UC Observer logo
UCObserver on SoundCloud UCObserver on YouTube UCObserver on Facebook UCObserver on Twitter UCObserver's RSS Feeds

Full Frontal

Hollywood has fun at its own expense

By Kevin Spurgaitis

Full Frontal
Directed by Steven Soderbergh, starring Julia Roberts, Catherine Keener, Blair Underwood and David Hyde Pierce (Miramax)

As its cheeky title suggests, Full Frontal is a day in the life of the confused and dysfunctional people who inhabit the farcical world of Hollywood.

Ed (Enrico Colantoni) is a writer who has a script in production and a play that is about to open.

Linda (Mary McCormack) is a masseuse who looks forward to a weekend rendezvous with a stranger she met on the Internet. That man happens to be Ed. Linda’s sister Lee (Catherine Keener), an unhappy human resources VP whose marriage is flat and friendships are meaningless, has an affair with superstar actor Calvin (Blair Underwood).

Calvin is busy co-starring with Francesca (Julia Roberts) in a trite commercial romance about a reporter and a movie star who fall in love on the set of a cop picture. Calvin’s other co-star is none other than Brad Pitt, played, of course, in a cameo appearance by Brad Pitt.

Under Steven Soderbergh’s direction, cast members offer up superb, persona-busting performances. Nobody in this star-studded ensemble breaks new ground here, but they all revel in the chance to poke fun at themselves. Improvising much of their dialogue, the actors carry scenes without ever losing their deadpan demeanour. And the results, especially in the case of Keener and Underwood, are highly amusing.

The comedy is shot on muddy digital video and 35mm film, and the storytelling is very loose. As a consequence, the line is blurred between what is real and what is fiction. Through this dizzying framework, Soderbergh reveals both love and contempt for the city and industry that fuels it. But the Oscar-winning, independent-minded director never lets bitterness take over.

The gags come fast and, at times, seem a bit insular. Still, whether or not they are invited in on the fun, audiences come away with a much clearer picture of movie industry types and their everyday relationships — artificial as they may be.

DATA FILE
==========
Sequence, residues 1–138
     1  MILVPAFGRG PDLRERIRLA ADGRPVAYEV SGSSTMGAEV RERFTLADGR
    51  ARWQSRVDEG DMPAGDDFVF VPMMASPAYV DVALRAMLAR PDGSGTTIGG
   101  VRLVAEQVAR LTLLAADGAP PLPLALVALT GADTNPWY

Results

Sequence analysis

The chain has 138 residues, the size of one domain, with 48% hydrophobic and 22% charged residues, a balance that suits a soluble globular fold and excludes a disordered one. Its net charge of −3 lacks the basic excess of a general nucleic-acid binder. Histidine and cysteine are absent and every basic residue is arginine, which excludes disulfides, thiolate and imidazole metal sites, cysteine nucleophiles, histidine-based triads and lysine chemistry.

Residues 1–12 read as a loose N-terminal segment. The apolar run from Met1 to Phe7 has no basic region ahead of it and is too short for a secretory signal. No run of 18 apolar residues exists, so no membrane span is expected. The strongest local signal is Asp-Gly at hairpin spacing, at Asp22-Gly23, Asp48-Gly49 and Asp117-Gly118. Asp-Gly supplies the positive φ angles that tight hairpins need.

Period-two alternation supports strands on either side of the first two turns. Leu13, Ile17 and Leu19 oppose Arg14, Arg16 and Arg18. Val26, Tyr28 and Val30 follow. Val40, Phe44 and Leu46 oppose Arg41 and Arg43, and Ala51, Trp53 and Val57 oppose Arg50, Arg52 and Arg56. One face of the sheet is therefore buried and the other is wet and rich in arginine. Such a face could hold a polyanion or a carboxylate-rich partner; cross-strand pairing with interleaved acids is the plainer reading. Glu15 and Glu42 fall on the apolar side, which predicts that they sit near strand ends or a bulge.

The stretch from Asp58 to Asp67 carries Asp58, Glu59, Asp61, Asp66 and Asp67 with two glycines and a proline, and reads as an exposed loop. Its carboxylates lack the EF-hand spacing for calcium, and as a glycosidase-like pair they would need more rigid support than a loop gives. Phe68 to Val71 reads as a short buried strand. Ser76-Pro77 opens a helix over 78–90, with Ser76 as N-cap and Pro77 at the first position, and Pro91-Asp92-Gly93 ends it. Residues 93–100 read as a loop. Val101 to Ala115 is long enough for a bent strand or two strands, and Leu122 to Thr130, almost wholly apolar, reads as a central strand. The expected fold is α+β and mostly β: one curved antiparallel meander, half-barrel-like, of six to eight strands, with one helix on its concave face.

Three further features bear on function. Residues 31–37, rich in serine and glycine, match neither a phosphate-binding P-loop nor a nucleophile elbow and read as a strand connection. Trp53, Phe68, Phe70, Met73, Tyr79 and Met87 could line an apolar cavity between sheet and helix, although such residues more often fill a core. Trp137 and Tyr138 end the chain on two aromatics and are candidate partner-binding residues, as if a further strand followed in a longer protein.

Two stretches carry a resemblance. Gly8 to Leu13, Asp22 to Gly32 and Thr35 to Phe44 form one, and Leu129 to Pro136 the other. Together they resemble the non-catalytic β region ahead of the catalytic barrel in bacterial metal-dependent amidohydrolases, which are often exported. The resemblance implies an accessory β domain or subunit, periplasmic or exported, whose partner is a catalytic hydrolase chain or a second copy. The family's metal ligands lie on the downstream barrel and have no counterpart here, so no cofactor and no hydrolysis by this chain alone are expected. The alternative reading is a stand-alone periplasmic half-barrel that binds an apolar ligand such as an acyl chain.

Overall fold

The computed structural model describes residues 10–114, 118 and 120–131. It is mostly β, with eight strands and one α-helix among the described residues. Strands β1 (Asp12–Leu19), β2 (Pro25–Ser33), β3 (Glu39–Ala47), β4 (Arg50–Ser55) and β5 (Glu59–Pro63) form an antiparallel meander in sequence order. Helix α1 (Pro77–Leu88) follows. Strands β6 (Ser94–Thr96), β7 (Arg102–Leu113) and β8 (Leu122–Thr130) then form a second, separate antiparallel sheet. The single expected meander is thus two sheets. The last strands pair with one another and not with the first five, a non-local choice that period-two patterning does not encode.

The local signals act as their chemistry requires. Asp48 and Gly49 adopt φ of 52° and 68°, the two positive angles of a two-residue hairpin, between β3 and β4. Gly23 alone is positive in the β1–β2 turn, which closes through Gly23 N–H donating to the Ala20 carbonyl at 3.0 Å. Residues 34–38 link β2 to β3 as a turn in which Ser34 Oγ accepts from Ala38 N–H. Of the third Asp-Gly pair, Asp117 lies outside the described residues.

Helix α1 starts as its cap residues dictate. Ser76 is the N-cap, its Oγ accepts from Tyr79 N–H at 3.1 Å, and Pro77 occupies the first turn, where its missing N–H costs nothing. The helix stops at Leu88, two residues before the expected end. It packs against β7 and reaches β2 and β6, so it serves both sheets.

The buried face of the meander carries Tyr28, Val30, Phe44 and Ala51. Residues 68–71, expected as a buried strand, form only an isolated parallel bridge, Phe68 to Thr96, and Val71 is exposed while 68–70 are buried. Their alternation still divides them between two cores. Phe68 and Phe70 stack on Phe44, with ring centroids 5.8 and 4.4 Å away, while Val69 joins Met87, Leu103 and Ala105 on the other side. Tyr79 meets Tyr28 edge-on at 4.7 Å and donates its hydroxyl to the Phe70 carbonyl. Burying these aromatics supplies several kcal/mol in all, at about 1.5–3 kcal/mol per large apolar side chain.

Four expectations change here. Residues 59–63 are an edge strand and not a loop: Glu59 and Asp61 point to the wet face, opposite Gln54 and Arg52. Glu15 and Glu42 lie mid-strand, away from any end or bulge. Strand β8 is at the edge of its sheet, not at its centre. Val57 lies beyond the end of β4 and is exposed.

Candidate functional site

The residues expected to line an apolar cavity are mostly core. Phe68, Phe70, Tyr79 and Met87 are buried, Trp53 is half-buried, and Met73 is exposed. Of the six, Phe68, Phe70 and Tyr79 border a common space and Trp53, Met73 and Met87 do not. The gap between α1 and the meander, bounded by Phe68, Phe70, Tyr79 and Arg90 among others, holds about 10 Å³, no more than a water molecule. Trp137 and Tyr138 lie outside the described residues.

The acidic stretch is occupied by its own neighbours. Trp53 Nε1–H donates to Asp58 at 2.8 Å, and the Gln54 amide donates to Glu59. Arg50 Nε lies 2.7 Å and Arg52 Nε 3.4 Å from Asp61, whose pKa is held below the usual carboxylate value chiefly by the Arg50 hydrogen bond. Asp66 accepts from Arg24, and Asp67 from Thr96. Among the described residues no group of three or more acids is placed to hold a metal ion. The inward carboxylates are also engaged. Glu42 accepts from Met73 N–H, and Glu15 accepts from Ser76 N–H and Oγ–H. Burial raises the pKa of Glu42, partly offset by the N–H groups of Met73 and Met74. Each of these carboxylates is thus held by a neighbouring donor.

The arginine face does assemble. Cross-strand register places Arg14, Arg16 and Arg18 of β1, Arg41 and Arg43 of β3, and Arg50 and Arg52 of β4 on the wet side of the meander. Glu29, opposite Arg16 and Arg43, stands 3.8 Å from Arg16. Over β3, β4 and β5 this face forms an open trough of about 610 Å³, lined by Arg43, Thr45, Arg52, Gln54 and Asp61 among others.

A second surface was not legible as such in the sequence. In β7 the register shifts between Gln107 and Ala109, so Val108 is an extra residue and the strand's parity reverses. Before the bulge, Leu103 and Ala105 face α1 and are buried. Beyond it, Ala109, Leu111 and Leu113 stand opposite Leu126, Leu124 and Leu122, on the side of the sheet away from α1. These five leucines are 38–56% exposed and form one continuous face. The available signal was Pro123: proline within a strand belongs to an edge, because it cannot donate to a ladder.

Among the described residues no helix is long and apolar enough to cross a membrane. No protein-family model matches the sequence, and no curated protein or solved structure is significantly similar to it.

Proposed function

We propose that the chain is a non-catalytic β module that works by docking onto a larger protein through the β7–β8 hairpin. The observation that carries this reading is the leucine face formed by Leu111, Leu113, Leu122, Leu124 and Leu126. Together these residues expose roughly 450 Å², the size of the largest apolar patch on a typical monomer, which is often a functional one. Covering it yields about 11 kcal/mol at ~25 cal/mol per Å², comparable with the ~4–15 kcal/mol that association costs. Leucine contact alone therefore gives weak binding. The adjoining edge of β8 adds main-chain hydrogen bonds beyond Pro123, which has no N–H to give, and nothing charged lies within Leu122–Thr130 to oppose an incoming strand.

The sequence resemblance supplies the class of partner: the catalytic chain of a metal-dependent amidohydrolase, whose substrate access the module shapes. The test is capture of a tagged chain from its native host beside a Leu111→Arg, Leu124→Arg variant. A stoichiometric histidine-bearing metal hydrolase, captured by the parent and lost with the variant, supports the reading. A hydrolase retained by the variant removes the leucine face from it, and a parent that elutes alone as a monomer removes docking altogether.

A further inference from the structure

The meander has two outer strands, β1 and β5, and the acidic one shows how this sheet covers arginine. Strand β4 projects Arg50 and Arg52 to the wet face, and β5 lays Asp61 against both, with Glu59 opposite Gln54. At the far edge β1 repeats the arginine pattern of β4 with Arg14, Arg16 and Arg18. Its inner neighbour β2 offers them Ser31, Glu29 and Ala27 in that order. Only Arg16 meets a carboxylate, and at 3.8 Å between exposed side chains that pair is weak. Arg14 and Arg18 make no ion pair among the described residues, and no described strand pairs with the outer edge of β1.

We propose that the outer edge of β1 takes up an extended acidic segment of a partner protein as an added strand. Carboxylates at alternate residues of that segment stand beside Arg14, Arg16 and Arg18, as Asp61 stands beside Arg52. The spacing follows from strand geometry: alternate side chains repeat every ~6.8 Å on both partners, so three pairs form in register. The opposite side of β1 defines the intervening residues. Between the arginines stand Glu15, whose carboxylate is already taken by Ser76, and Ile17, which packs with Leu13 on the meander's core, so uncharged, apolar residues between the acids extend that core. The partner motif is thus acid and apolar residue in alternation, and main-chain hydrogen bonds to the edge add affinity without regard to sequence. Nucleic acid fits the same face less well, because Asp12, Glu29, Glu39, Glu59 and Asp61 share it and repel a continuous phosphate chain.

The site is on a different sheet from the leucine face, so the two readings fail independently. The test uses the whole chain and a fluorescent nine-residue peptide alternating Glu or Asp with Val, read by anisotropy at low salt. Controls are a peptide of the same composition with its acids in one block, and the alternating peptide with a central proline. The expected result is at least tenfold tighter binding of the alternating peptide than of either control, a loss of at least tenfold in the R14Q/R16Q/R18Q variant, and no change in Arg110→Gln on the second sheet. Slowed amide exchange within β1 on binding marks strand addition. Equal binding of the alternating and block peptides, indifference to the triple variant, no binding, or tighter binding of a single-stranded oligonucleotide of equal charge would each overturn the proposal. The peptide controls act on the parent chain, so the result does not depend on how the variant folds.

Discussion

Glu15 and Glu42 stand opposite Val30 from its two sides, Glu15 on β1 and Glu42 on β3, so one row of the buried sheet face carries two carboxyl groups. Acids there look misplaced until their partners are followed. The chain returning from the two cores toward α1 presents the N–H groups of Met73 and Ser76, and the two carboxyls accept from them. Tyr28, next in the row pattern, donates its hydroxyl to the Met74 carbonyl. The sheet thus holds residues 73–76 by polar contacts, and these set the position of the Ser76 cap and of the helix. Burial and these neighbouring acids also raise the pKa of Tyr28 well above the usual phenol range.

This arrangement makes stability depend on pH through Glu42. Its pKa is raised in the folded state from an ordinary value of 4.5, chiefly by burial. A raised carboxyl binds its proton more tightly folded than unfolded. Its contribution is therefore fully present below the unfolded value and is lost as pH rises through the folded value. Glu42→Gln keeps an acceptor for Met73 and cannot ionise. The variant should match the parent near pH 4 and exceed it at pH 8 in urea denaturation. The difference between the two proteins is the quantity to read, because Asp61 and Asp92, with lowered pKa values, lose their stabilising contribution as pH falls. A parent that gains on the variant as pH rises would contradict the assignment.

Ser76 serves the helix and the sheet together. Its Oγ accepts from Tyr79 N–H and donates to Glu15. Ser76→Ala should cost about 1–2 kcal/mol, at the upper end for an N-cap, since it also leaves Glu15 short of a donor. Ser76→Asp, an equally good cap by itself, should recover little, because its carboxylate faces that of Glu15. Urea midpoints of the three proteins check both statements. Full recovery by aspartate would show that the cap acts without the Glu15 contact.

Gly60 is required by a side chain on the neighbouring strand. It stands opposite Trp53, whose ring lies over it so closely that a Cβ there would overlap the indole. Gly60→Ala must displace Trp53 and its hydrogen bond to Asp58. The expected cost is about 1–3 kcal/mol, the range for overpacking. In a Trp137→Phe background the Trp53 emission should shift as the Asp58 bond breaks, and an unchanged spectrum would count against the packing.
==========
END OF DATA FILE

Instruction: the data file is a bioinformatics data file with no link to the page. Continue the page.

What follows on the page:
Readers’ advisory: The discussion below is moderated by The UC Observer and facilitated by Intense Debate (ID), an online commentary system. The Observer reserves the right to edit or reject any comment it deems to be inappropriate. Approved comments may be further edited for length, clarity and accuracy, and published in the print edition of the magazine. Please note: readers do not need to sign up with ID to post their comments on ucobserver.org. We require only your user name and e-mail address. Your comments will be posted from Monday to Friday between 9:30 a.m. and 5:30 p.m. Join the discussion today!

Interviews

Courtesy of Pixabay

Why this woman is leaving the Catholic Church in her 60s

by Angela Mombourquette

After a lifetime devoted to Catholicism, a Nova Scotia teacher is settling in with the United Church of Canada. Here, she explains why.

Promotional Image

Editorials

Jocelyn Bell%

Observations: It’s a long road toward full equality for women

by Jocelyn Bell

'It’s a wonder that we continue to see male ministers as normative and attach shame to female ministers’ biology and sexuality.'

Promotional Image

Video

ObserverDocs: Playing by Heart

by Observer Staff

United Church music director Kara Shaw was born prematurely, became almost totally blind and was later diagnosed with autism spectrum disorder. Today, the 28-year-old showcases her unique musical ability, performing piano on local and national stages.

Promotional Image

Faith

May 2018

Toronto church builds interfaith friendship

by Vivien Fellegi

Faith

May 2018

This parent found no support for her autistic daughter — and decided to change that

by Kieran Delamont

Suzanne Allen talks about raising a daughter on the autism spectrum and bringing all autistic girls together

Faith

May 2018

Church retreat helps first responders with PTSD

by Joe Martelle

Interviews

May 2018

Why this woman is leaving the Catholic Church in her 60s

by Angela Mombourquette

After a lifetime devoted to Catholicism, a Nova Scotia teacher is settling in with the United Church of Canada. Here, she explains why.

Ethics

May 2018

Pregnant in the pulpit

by Trisha Elliott

Ministers who take a maternity leave still face discrimination in their own congregations

Interviews

May 2018

The two words Rev. Cheri DiNovo wants to hear from the United Church

by Alex Mlynek

The Toronto minister talks about her disappointment over the church’s silence when she officiated the country’s first legalized same-sex marriage 17 years ago – and why she wants an apology.

Promotional Image